Looking back, I consider myself very lucky to have taught through an era and in a school where Careers Education was valued, supported with funding and timetabled as a discrete subject. I also had access to outside agencies who provided, at reasonable cost, support with business links and impartial advice. We had a good work experience programme, events targeted at each age group, mock interviews, one-to-one interviews and workplace visits. How times have changed.
If you have now been tasked with guiding young people with regard to careers, you may feel alone and confused. You may be left to just ‘get on with it’ and feel that you have neither the expertise nor the knowledge to do the job well. My daily blog posts during National Careers Week 2014 will hopefully give you some ideas and make the role feel more comfortable. Let me add at this point – I am not some amazing Careers Education guru – just a classroom teacher who was thrown in at the deep end and had to learn to swim very quickly.
My own experience was in secondary schools. I loved careers teaching and make no bones about the fact that it was the total freedom to do what I liked that made it so appealing. One morning, I gave Year 11 some Plasticene to play with. It was just meant to be a starter activity. It was a gamble, as they could have seen it as infantile and thrown it at me. But they didn’t. In fact, they loved it and begged me to let them keep ‘playing’. They used the Plasticene to create a picture or a model of what they hoped for in their future. It was hugely successful and we photographed their creations for a display (well, we photographed all except the one created by the boy whose career aspiration was ‘to be a porn star’). I loved careers because there were no tests to groom for, no rigid plans to stick to and very little interference from outside the classroom. That’s not to say I could forget accountability, of course. At the end of each year, I had to provide information for the school SEF, showing that progression was good and that the numbers of NEETs were falling. I’m pleased to say that during my tenure, both of these improved year on year.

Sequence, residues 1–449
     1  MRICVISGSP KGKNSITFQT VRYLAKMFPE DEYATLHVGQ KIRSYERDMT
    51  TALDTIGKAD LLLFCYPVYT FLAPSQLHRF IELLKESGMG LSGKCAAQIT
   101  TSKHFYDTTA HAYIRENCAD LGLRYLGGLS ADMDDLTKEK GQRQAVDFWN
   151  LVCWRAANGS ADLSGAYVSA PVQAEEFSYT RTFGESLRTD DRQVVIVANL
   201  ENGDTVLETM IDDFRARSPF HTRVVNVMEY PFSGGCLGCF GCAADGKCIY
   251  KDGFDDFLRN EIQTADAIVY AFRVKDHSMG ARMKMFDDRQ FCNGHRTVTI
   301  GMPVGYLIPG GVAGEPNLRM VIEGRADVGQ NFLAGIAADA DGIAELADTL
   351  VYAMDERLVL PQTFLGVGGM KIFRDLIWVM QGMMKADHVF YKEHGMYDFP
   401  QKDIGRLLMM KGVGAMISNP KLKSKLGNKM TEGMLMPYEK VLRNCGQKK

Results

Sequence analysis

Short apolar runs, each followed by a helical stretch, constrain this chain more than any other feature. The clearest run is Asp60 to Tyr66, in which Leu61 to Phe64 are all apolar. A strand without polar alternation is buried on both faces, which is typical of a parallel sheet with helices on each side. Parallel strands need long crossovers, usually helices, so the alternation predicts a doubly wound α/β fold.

I did have lesson plans, but if someone asked a good and relevant question during the lesson, it was fine to go off track and pursue that topic. After all, the important thing was that students wanted to know more and it would be very wrong to plod on regardless with the planned lesson at that point. The unexpected nature of these lessons was what thrilled me most and kept me going in what was a highly challenging role.
Careers teaching is rather different now, sometimes being covered by class tutors with no real experience other than their own career history. I have known many teachers who groaned as they saw their new timetable and realised that they would be teaching careers. It might be bundled into Personal and Social Education or be hidden away in some other subject or even be the responsibility of every subject area. It may not even be there at all.
So, where are we now? This article from The Guardian is rather useful in summing up and highlighting the changes that have taken place in recent years:
Without that contact, guidance, information and impartiality, how can young people possibly make the best choices for their future? Who will give them the advice they need? Parents? Friends? Naturally I am biased and believe that they really need the right person to turn to for advice and guidance with their careers questions.
If you have been charged with this duty and feel a little lost, I hope that my experience will help you this week and make you feel some of the excitement that Careers teaching can bring to yourself and those who rely on you for guidance. Tomorrow’s blog will look at getting started.